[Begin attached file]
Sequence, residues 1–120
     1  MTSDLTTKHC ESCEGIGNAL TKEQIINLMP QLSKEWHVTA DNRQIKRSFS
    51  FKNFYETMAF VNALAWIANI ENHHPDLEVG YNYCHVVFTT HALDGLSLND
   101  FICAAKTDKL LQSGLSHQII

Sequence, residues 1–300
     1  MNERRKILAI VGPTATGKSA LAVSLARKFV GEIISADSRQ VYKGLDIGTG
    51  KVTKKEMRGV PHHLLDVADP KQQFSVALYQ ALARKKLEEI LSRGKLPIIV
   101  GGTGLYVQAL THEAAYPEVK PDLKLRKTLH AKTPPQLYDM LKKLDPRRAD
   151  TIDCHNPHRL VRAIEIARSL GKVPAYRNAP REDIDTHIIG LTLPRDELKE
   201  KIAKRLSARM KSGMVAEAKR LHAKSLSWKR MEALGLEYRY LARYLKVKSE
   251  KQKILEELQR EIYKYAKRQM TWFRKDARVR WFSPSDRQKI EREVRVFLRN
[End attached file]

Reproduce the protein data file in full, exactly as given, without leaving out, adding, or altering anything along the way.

Sequence, residues 1–120
     1  MTSDLTTKHC ESCEGIGNAL TKEQIINLMP QLSKEWHVTA DNRQIKRSFS
    51  FKNFYETMAF VNALAWIANI ENHHPDLEVG YNYCHVVFTT HALDGLSLND
   101  FICAAKTDKL LQSGLSHQII

Sequence, residues 1–300
     1  MNERRKILAI VGPTATGKSA LAVSLARKFV GEIISADSRQ VYKGLDIGTG
    51  KVTKKEMRGV PHHLLDVADP KQQFSVALYQ ALARKKLEEI LSRGKLPIIV
   101  GGTGLYVQAL THEAAYPEVK PDLKLRKTLH AKTPPQLYDM LKKLDPRRAD
   151  TIDCHNPHRL VRAIEIARSL GKVPAYRNAP REDIDTHIIG LTLPRDELKE
   201  KIAKRLSARM KSGMVAEAKR LHAKSLSWKR MEALGLEYRY LARYLKVKSE
   251  KQKILEELQR EIYKYAKRQM TWFRKDARVR WFSPSDRQKI EREVRVFLRN